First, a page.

Yard sales remain big part of Labor Day weekend
by Sarah Fay Campbell
There may not be a Powers’ Crossroads festival this weekend, but that doesn’t mean there is a shortage of shopping options.
On Friday, several yard sales, craft fairs and miniature flea markets were set up along Franklin Highway – just like usual.
Eva Montalvo of Franklin, who sells second-hand children’s clothing and toys, said she made just as much money Friday as she usually would on a Friday before the Powers’ Festival.
“I didn’t think I was going to,” she said. She was worried business would be off without the festival, but “after today, I think we’re going to be OK,” Montalvo said.
She thinks her location, at the Witters’ on Hwy. 34, is one reason why business is good.
The biggest concentration of yard sales and other vendors is along Franklin Highway/Hwy. 34 West, but it’s a big weekend for yard sales all over Coweta County.
Jerry Peters, a painter from New Site, Alabama, has never exhibited along Hwy. 34 before. He’s not worried there won’t be a Powers’ Festival this year. “I’m somewhere every weekend,” he said.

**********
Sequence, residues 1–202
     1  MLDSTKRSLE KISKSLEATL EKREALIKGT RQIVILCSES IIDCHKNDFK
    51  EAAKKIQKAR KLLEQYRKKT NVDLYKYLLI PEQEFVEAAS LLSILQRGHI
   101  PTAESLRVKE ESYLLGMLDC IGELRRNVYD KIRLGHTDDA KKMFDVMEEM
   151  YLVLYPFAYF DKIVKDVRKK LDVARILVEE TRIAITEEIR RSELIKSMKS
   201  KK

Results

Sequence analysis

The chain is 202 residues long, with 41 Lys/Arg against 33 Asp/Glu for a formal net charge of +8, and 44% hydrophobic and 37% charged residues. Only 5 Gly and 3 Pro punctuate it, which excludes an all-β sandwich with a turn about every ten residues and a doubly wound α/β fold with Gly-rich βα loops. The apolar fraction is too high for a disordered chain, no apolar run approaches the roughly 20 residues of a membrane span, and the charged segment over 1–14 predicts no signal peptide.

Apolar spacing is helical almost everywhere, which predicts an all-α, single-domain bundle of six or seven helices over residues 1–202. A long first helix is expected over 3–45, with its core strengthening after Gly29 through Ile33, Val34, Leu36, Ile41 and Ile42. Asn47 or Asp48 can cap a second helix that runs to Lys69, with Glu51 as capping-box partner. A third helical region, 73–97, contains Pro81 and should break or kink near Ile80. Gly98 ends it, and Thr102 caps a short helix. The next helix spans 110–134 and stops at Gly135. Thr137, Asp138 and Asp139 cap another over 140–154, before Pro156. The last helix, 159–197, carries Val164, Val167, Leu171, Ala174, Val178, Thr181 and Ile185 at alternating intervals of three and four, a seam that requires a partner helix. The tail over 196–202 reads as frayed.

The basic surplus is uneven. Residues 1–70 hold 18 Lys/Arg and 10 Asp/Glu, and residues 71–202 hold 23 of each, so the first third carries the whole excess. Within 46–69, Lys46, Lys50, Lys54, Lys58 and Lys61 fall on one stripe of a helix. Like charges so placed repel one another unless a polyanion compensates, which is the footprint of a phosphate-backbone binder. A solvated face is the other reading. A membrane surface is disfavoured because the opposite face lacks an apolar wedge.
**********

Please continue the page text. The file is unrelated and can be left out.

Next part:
David Haywood of Yummy Tummy Concessions – also at the Witters’ – said he did a lot more business Friday than he usually does. However, there aren’t as many vendors as he is accustomed to.
Haywood thinks the Labor Day weekend yard sale/flea market extravaganza will continue to flourish, even without Powers’.
“The people I’ve talked to do more yard sales than Powers' anyway,” he said. “My customers are always saying everything is so expensive at Powers’.”
David Bradley said, “Maybe we can start advertising: there’s no Powers’ Crossroads but yard sales up and down 34.” Maybe Coweta could begin hosting something like the “mile long yard sales” popular in other areas, he said.
Bradley was set up at his uncle Donald McLendon’s property on Hwy. 34. McLendon has had a yard sale there for many years, but it’s Bradley’s first time selling art instead of yard sale items.
He took up painting just four months ago. He’s a quick learner, with an array of painted saws, saw blades, and gourds, as well as other items.
He’s disabled and one day said to himself, “I’m going to go to the barn and start doing something.”
So he started painting. McLendon isn’t sure what to expect in the future without Powers’ Crossroads. “I might have to quit. That’s what brought people in,” he said.
Several visitors on Franklin Highway Friday were people who didn’t know the festival had been cancelled. McLendon and Bradley talked to such a group from Alabama.
“They were really disappointed,” Bradley said.